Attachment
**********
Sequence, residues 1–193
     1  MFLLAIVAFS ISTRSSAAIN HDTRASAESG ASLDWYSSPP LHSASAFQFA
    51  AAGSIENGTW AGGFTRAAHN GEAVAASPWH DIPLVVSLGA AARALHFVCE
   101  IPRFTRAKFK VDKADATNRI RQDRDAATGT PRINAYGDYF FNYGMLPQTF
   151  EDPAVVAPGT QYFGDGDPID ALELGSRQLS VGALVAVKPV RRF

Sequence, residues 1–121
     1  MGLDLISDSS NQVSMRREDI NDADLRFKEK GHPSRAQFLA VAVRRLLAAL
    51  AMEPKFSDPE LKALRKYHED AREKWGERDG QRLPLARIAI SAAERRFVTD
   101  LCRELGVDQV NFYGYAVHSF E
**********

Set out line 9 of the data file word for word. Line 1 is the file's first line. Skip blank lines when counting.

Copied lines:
   101  LCRELGVDQV NFYGYAVHSF E